But there is a time and place for digging iron, and there are a lot of great iron relics out there waiting to be found. One of my favorites finds from this trip is this iron heel plate from a soldiers boot, complete with the original nails to secure it to the heel. The iron heel plate resembles a small horseshoe, and served the same purpose - to help keep the shoe from wearing out as quickly as the soldiers marched, often twenty or more miles per day. While I was able to find quite a few images of original Civil War soldier's shoes online, few showed the bottom of the shoe. However, I did find this virtual-museum image of a British military shoe from the 1850's, with the heel plate clearly visible.
The rest of my iron finds are fragments of exploded artillery shells. I was really hoping to find a complete shell this time around, and while several were found in the area I was searching, I wasn't one of the lucky ones to get my coil over it. I am still very happy with the fragments I recovered though. They include two large sections of a 12lb round shell and several smaller pieces from unidentified shells. Failing to find a full shell, the most sought after fragments are the tail section and the artillery fuze, and I was fortunate enough to recover one of each.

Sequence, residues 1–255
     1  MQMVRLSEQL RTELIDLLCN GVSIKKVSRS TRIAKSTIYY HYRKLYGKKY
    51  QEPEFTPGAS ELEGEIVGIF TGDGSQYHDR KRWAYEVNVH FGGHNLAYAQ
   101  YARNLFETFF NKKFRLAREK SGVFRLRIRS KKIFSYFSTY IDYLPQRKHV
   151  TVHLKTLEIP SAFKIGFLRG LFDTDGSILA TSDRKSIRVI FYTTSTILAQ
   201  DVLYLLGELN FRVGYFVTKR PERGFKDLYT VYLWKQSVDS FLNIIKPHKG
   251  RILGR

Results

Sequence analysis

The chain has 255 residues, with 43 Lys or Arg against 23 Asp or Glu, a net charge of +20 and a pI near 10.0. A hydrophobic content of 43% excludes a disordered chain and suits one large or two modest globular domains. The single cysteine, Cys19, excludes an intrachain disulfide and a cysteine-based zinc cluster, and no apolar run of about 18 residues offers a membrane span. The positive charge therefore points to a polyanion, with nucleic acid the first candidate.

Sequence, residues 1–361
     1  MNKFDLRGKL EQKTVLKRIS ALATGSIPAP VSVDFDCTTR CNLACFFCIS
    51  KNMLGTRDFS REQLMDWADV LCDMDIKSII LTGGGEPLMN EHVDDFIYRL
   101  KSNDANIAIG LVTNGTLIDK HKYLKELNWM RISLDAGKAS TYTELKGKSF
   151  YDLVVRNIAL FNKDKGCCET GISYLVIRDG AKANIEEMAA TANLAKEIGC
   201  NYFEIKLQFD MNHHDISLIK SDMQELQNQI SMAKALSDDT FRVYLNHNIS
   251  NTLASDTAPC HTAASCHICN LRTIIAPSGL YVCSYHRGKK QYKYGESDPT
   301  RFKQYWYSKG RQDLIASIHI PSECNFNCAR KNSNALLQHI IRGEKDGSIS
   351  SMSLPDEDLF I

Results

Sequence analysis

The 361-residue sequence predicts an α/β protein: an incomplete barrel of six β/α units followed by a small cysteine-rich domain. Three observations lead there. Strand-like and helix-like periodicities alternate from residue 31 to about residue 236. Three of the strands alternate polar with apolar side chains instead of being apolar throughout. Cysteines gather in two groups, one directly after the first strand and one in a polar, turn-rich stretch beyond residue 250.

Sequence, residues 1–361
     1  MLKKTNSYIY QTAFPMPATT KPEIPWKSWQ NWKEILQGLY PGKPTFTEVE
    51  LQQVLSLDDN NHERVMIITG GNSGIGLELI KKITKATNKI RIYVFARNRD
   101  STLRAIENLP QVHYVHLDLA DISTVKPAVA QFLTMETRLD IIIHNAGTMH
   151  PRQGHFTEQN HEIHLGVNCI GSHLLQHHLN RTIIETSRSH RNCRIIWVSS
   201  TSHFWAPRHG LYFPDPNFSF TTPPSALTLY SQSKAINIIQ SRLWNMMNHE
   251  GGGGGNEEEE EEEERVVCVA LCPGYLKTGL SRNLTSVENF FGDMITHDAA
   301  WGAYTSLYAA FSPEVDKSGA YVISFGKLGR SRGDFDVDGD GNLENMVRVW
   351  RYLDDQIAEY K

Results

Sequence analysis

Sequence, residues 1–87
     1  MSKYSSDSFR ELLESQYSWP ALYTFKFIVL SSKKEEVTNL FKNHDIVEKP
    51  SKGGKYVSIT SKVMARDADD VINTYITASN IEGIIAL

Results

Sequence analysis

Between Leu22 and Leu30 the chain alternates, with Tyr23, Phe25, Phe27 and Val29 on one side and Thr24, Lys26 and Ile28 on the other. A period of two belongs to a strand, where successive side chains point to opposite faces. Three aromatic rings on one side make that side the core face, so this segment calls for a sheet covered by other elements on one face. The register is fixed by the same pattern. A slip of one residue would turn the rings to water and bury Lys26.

The base is from a Union Hotchkiss shell. The shell was comprised of three parts, as shown in the cross section from the Ridgeway Reference Archive. The top section contained the explosive charge to detonate the shell. Around the middle section is a lead band, or sabot, used to grip the rifling in the cannon barrel. This imparts a spin on the shell allowing for greater range and accuracy compared to a smooth bore cannon. The bottom piece is an iron base cup, the section which I found.
The fuze I recovered is from a Federal 10lb Parrott shell. The iron ring is the nose section of the shell itself, sheared off by the shell's internal explosion. Within the iron ring is a white metal (zinc and lead) time fuze. The hole in the center of the fuze would accommodate a paper fuze with slow-burning gunpowder lit by the flame of the propulsion charge as the shell left the cannon barrel. The length of the paper fuze determined how much time passed before reaching the detonating charge inside the shell, causing it to explode. I have also included a picture of a complete Parrott shell with the time fuze from the Ridgeway Reference Archive.
As always, thanks so much for reading Detecting Saxapahaw! I love going out and saving tangible pieces of history, and I love being able to share it with all of you! As always, if you have comments or questions, feel free to leave them in the comments section below or to email me at DetSax@gmail.com